One cannot be certain just how many readers, let alone subscribers, The New Age has, but its televised business breakfasts have certainly crept into prominence.
Suddenly it is the president who appears as a guest the day after his State of the Nation speech, then it is the minister in the presidency for national planning, then the minister of finance after Budget day, who have become special guests.
We all know of the controversy surrounding the withdrawal of DA leader Helen Zille from a breakfast when she, perhaps rather belatedly, realised that there is something not quite right about this catapulting onto the national stage of what is still pretty much an obscure publication.
It is probably purely coincidental that the newspaper is owned by close friends of the president, but let us not go there.
A whole battery of state-owned enterprises have sponsored the breakfasts – including yesterday’s event at Kenilworth Racecourse, which was bankrolled by the troubled Passenger Rail Agency of SA (Prasa), together with the SABC, our national broadcaster, which is rapidly turning into a fiscal black hole. This is quite apart from regularly failing to properly produce its core service, or provide consistent unmuffled sound and uninterrupted film.
The New Age breakfast after the ANC’s Mangaung conference last December was hosted by Transnet and, of course, the SABC. All the top officials of the state-owned transport monopoly were there to hob-nob with President Jacob Zuma and the other top five chiefs in the ANC.
Yesterday’s event – where sound links were dropped more than once – was due to have been hosted by the Cape Chamber of Commerce and sponsored by Sanlam, which remained a sponsor, but apparently The New Age gave them an offer they could not refuse. If the chamber allowed the newspaper to co-host the event, then it would be televised by the SABC, they were told. It is the classic “you scratch my back, and I will scratch yours” mentality.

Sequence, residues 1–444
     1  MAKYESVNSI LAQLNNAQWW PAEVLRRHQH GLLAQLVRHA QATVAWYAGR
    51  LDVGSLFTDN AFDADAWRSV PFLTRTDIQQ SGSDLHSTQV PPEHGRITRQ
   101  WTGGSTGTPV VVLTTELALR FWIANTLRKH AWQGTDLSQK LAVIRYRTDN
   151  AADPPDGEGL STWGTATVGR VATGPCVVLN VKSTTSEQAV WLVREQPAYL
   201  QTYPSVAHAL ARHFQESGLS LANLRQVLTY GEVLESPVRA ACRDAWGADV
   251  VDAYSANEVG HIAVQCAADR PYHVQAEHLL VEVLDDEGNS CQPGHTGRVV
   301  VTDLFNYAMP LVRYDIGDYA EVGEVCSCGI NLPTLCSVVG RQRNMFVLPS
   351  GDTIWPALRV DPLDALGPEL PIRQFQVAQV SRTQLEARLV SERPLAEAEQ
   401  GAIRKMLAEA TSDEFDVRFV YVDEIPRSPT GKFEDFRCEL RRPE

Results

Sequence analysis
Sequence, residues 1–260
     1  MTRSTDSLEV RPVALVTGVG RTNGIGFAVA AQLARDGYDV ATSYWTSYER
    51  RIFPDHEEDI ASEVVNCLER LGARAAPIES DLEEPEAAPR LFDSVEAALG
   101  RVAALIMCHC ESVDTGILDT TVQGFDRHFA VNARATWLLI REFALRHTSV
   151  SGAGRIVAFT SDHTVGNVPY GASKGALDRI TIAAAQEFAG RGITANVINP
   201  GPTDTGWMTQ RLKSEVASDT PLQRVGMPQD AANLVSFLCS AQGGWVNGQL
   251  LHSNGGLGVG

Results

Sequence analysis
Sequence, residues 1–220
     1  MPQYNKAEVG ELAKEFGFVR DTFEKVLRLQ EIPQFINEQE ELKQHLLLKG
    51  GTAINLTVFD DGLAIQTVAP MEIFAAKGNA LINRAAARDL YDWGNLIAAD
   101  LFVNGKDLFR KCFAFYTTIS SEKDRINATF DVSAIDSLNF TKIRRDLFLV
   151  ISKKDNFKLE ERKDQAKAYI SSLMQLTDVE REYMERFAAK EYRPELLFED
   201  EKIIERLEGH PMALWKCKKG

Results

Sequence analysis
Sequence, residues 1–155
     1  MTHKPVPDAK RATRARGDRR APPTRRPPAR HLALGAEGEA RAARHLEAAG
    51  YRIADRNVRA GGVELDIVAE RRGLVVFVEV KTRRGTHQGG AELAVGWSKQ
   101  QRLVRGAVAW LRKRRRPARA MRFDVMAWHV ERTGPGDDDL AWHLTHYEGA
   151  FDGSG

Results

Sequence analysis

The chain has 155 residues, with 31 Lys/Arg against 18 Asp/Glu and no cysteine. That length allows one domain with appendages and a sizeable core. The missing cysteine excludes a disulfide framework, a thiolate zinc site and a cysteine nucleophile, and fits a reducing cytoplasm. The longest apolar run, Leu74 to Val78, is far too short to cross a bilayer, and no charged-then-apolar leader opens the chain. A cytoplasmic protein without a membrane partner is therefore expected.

This may not be illegal, or dare one suggest it, corrupt. But it is a deeply worrying development because it raises ethical questions about how state funds – read taxpayers’ rands – are being used. Transnet and Prasa are owned by the state. When they are in trouble they go to the Treasury for bailouts or guarantees. Surely it is inappropriate for it to be sponsoring a breakfast at which Finance Minister Pravin Gordhan and Treasury director-general Lungisa Fuzile are the guests?
It remains a problem even if Telkom – which sponsored a previous breakfast attended by Zille – had sponsored it instead because it is a state-controlled company. It claims to be privatised but everyone knows that the state, through the Public Investment Corporation, calls the shots.
Telkom, however, does not see it as a conflict of interest to sponsor what is effectively a political event, claiming instead that it was an important platform for interaction with the government.
These state-owned or semi-state-owned entities can, like Eskom, get away with murder as the mechanisms that keep them accountable to the electorate are weak. About once a year, Eskom and Transnet bosses waddle up to parliamentary committees to be called to account for their management of the state-owned enterprises. Mostly, despite valiant efforts by MPs from governing and opposition parties to hold them to account, the dark horses have already bolted from the stables.
All this proves is that there is no such thing as a free breakfast. The taxpayer has paid for it already.